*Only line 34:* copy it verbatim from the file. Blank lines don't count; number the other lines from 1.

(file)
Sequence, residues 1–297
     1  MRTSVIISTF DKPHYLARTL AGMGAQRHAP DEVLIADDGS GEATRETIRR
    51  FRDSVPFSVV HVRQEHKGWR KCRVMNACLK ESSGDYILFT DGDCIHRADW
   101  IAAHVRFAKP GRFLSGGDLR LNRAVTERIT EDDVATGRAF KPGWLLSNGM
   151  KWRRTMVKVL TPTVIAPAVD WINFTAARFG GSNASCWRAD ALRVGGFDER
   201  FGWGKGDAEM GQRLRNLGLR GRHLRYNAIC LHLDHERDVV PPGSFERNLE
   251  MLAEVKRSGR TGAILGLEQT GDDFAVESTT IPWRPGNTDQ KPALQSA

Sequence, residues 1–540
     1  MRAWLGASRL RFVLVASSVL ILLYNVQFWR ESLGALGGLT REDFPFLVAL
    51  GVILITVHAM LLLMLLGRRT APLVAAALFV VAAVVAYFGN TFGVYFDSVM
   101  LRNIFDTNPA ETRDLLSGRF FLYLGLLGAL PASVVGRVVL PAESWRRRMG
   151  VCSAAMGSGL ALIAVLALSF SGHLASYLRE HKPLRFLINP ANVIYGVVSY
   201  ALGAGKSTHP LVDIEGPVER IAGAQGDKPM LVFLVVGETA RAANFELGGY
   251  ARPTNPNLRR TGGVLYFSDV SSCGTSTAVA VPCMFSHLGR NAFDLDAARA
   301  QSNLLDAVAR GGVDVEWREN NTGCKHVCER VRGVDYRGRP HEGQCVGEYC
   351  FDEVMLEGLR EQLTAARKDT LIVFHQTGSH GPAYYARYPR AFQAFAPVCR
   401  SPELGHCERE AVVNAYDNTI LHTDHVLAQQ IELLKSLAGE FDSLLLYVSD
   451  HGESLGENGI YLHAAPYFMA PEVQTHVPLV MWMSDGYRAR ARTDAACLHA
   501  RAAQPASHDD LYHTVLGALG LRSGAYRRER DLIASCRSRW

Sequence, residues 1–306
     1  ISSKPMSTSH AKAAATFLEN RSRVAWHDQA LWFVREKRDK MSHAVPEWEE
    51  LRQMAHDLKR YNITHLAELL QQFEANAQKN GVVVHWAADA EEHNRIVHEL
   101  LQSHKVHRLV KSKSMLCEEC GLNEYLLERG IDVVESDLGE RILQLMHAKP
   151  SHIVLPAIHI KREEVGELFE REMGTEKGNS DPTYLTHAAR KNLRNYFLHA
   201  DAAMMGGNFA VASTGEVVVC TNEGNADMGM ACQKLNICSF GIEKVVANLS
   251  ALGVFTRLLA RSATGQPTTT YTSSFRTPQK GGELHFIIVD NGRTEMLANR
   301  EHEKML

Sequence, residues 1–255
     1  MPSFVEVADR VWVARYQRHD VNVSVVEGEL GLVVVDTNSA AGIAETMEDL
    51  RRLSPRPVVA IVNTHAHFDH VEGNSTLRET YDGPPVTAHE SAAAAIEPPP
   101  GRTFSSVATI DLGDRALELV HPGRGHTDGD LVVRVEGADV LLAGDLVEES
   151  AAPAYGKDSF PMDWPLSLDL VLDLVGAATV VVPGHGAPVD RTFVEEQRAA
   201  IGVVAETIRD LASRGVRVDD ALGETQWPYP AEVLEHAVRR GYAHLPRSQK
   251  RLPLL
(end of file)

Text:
   251  RLPLL